That analysis is compelling, and one which I adopt. For the concept of the Bargaining unit to be meaningful, and for the bargaining unit to have integrity, both of which are necessary conditions to a meaningful collective agreement, it must be acknowledged that (absent express language so stipulating) the Company has not reserved to itself the right of assign in a material way work to non-unit members that is normally and regularly done by unit members. Were that not so, then the sanctity of the bargaining unit, and indeed the value of the collective agreement would be fragile and greatly limited at best. That result would be inconsistent with the labour relations regime in this province and country, and could not be sustained without clear language in the Agreement.


Further, at p. 171 Arbitrator Freedman says the following:


Many authorities may be cited which discuss this general concept. These authorities deal with bargaining unit work, which is work normally and customarily performed by unit members, being performed by non-unit members, and engage in a consideration of the “extent” question. What we are dealing with here is a question of fact. Perhaps the issue may be quantitatively determined, or perhaps it is best understood from a qualitative perspective.


It must be recalled that what we are dealing with in this case and in others like it is a question of the preservation of the integrity of the bargaining unit and the related collective agreement. If on an analysis of what has been done by the non-unit member it can be fairly and reasonably concluded that the integrity of the unit and agreement is likely to have been impaired by management’s performing of work, then it must be found that the line, difficult though it may be to discern, has been crossed, and that the “extent” issue must be resolved in favour of the Union.


            The same approach has been acknowledged in the awards of the Canadian Railway Office of Arbitration. In CROA 2169, a grievance which involved the elimination of an on-board services bargaining unit position, and the re-assignment of the same duties to a management person who held the title Manager, Guest Services, the grievance was allowed and the following comments appear:


A consistent line of decisions in this Office has confirmed the position pleaded by the Corporation that the instant collective agreement does not confer upon the Brotherhood a right of exclusive property in all of the tasks assigned to bargaining unit members. Consequently, the occasional assignment of some of the work performed by members of the bargaining unit to members of other bargaining units and on occasion to members of management has been deemed to disclose no violation of the terms of the collective agreement. By the same token, however, this Office has consistently expressed the view, reflected in the arbitration awards cited above, that it is not open to the Corporation to disregard the collective agreement by effectively assigning all of the work of a position established within the collective agreement to a non-bargaining unit employee or to a member of management. If that should occur, the conclusion to be drawn is that the person holding the newly established assignment is in fact performing bargaining unit work and must be treated as falling within the bargaining unit. That principle was expressly recognized in CROA 2006 which involved the analysis of a collective agreement similar to the instant agreement, where the Arbitrator commented as follows:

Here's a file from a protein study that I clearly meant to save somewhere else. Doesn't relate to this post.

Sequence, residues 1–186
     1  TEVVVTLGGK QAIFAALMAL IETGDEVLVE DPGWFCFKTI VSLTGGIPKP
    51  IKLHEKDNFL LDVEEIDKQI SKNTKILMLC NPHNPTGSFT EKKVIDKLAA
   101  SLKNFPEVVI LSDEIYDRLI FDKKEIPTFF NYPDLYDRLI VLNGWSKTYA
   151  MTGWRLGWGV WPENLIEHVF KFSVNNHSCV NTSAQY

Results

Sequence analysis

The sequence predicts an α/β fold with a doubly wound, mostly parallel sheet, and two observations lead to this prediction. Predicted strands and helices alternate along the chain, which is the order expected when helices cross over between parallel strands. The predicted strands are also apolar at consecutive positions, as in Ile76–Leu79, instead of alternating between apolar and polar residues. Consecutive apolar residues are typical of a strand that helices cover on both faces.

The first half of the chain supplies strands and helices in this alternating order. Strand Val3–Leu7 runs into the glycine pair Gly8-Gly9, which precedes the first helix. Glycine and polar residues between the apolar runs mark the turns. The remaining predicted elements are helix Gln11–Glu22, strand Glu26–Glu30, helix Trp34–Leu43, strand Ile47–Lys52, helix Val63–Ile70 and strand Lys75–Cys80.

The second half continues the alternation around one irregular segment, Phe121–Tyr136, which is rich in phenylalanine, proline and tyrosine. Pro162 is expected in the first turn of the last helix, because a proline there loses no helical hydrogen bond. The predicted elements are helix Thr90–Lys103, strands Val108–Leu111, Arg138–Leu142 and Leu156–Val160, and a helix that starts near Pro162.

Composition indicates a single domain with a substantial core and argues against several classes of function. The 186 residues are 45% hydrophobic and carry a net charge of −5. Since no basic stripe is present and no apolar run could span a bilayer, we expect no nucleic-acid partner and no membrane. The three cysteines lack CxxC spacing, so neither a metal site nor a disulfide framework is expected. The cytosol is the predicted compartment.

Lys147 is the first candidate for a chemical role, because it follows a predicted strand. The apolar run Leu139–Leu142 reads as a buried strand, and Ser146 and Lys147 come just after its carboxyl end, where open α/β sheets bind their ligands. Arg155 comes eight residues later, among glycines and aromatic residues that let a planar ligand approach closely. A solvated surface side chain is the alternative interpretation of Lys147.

An extensive line of decisions issuing from this Office has confirmed that Collective Agreement 5.1 does not confer a proprietary right to bargaining unit work to the Brotherhood. The awards have acknowledged that in some circumstances the creation of a job or assignment which involve essentially performing little more than the duties of a position falling entirely within the bargaining unit could result in a finding that the person performing the work must be treated as performing work within the bargaining unit. That, however, is not tantamount to saying that the Company is prohibited from assigning tasks which are sometimes performed by employees in the bargaining unit to non-bargaining unit employees. As Arbitrator Weatherill observed in CROA 527: